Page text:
PR 101 for charities

Charities must realize maintaining secrecy may not prove acceptable anymore.

charity 298 (photo credit: )
charity 298
(photo credit: )
A few days ago, for the first time ever, theMinistry of Welfare and Social Services made public the amount ofshekels it contributes to Israel's third sector.
Whilethe announcement of the NIS 1.5 billion its spends on outsourcingprojects to local non-profits was not newsworthy enough to make bigheadlines, the willingness of a government office to share informationon the charity industry was a welcome change for a sector that isgrowing increasingly secretive about its inner workings.
In an attempt to encourage local media to publish this data,ministry officials pointed out that non-profits are very quick to crypoverty and bemoan a drop in their fund-raising but often very slow toacknowledge those who do support their activities.
Among the organizations listed as receiving large sums from thegovernment for various social welfare projects were the Women'sInternational Zionist Organization (WIZO); the Israeli Society forAutistic Children, Alut; Emunah, the national-religious women'sorganization; and Akim, the association for the rehabilitation of thementally handicapped.
Obviously non-profit organizations freely publicizethe outstanding charitable work they undertake and are rightly happy totalk about the positive aspects of their activities. Most are fairlypushy with their fund-raising methods; a minority have even been knownto employ questionable or unethical tactics to entice donors.
Of course, running such charities and fund-raising for them isnot easy. Over the years it has become something of an art, requiringreal expertise. Without such work, the charities simply would not beable to finance their essential activities.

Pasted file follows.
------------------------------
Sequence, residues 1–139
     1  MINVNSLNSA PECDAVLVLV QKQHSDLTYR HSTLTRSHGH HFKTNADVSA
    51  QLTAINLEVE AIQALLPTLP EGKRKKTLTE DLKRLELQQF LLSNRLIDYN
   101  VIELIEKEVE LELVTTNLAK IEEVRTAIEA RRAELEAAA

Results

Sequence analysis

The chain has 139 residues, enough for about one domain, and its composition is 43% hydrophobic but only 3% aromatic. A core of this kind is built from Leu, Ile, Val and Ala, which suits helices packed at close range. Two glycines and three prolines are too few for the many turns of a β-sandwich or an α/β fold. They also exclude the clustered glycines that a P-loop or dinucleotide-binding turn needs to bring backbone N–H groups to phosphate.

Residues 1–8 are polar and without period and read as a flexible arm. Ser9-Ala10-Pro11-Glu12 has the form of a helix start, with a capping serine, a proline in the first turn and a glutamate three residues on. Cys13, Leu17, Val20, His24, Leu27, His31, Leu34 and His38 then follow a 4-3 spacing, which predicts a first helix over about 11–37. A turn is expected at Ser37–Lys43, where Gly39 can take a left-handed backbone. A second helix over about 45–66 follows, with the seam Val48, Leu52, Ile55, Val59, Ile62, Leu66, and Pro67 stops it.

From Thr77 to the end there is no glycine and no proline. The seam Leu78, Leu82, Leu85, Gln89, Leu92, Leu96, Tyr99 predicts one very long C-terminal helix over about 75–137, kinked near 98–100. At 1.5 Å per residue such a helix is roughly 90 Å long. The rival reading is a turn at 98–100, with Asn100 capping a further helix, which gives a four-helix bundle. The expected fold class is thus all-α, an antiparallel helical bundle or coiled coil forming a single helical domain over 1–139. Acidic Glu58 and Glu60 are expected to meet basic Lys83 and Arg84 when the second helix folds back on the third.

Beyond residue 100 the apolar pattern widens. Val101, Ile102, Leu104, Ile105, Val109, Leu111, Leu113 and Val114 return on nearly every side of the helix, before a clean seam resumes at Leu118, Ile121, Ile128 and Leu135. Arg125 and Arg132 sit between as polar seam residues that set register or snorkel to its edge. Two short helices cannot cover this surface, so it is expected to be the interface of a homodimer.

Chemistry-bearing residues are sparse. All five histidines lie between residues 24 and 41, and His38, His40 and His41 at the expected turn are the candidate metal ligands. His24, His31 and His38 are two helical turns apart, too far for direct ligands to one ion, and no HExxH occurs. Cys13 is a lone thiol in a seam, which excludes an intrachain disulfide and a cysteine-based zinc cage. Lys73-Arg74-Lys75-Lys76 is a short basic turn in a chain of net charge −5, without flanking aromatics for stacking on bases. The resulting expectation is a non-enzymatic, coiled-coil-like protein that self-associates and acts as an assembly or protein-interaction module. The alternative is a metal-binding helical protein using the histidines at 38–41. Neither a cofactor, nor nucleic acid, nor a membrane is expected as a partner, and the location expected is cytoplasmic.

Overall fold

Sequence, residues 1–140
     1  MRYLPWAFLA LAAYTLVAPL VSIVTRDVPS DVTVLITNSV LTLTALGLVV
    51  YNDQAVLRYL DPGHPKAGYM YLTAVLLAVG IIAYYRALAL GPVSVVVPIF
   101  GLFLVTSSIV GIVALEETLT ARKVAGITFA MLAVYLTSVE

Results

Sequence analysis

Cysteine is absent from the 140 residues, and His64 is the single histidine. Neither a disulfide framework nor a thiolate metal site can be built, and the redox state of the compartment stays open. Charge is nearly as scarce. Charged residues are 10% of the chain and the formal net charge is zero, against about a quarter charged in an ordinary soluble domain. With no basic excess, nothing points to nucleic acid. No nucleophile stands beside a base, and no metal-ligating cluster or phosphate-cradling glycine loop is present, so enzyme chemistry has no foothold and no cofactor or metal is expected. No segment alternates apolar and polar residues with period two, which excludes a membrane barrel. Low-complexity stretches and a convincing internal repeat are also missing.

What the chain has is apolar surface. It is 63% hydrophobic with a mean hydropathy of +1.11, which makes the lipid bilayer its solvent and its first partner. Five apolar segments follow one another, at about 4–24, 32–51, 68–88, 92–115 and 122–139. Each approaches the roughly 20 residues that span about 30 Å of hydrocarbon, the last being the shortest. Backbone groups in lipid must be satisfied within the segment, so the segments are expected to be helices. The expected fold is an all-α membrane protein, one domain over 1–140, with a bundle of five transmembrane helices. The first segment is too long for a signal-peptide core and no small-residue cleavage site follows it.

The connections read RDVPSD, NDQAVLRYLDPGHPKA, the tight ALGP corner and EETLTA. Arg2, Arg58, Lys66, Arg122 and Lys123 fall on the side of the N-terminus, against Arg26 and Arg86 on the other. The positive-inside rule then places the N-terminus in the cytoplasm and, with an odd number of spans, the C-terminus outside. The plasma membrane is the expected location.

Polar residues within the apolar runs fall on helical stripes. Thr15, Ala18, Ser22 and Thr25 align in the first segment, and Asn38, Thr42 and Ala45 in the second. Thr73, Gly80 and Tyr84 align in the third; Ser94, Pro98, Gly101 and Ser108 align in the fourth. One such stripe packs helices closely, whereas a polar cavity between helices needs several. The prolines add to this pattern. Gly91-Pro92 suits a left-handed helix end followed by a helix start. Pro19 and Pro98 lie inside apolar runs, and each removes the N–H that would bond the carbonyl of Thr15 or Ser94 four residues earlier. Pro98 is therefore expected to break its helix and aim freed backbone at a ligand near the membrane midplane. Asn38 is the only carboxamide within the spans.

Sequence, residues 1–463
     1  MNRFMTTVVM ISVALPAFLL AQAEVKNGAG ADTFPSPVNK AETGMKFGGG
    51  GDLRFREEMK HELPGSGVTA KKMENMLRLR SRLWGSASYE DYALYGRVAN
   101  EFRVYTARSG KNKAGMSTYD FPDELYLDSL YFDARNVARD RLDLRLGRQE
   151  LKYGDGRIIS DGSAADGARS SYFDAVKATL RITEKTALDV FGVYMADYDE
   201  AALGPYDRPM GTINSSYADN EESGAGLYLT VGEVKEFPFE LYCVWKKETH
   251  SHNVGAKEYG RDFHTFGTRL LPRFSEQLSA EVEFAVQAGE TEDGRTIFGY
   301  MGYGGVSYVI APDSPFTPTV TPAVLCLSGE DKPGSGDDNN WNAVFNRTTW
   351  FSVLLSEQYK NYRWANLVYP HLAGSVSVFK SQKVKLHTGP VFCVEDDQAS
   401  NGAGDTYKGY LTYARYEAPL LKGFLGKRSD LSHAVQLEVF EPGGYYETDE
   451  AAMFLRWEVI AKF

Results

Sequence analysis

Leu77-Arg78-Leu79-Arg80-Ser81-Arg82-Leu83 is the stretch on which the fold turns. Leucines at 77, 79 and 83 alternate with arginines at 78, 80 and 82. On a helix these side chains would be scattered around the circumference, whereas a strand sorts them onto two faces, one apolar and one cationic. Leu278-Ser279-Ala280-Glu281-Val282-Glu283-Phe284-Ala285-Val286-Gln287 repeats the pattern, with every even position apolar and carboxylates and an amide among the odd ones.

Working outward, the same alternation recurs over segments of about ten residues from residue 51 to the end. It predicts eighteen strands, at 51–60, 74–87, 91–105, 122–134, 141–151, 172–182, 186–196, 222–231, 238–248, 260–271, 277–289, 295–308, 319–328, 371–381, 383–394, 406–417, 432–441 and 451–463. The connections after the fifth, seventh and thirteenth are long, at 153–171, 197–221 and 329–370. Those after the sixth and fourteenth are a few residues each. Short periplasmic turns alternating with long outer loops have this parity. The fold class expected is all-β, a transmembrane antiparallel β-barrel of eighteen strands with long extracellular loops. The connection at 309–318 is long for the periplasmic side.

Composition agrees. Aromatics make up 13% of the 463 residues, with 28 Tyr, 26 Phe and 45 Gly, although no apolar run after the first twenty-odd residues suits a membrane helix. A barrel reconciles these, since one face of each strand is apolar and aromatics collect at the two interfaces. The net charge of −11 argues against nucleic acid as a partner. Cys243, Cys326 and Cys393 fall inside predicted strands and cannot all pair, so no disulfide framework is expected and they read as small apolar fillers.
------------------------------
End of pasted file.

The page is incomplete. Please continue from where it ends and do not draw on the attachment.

Overthe past year it has become increasingly clear that many non-profits -both big and small - are struggling financially due to the economiccrisis. It is no secret either that all types of charities are beingforced to make difficult choices about the scope of their programmingand being pushed into making structural changes to their projects andlong-term goals.
While full disclosure about charities' heartwarming activitiesis obviously beneficial, so too is transparency and full disclosure,and not just messages of woe and pleas for help, about fund-raising.
While not wanting to admit that your organizationis hurting financially is understandable, for fear of underminingconfidence and out of concern that your backers will jump ship,contrastingly "public relations 101" dictates that openness is crucialin order to keep your supporters... supportive. Cutbacks and newdirections taken by non-profit organizations should be thoroughlydiscussed with donors, and openly detailed in the press. The truth willout, and far better that it be the accurate account that theorganization can disseminate rather than partial and distortedrevelation via the online rumor mill.
AT A conference in California earlier this month, Facebookfounder Mark Zuckerberg asserted, not without justification, that theincrease in use of social media means that privacy is no longer asocial norm.
"People have really gotten comfortable not only sharing moreinformation and different kinds, but more openly and with more people,"he said. "That social norm is just something that has evolved overtime."
With individuals indeed opening up their private dealings andpublishing them for all to see, it is high-time that charities,especially those whose outreach relies on and touches thousands ofpeople, realize that maintaining traditional secrecies may not proveacceptable anymore.
One development that might force a change in the near future isthe creation of the online portal GuideStar Israel(www.guidestar.org.il). A joint initiative by the Ministry of Justice,
Yad Hanadiv (the Rothschild Foundation) and the American Jewish JointDistribution Committee-Israel, GuideStar, which is not yet active, aimseventually to provide a forum for all non-profits in Israel to listtheir activities and share information, as well as reach out to donors.
It is a free service that we hope will highlight how beingtransparent and sharing information, far from being damaging to anorganization, could actually be beneficial for all.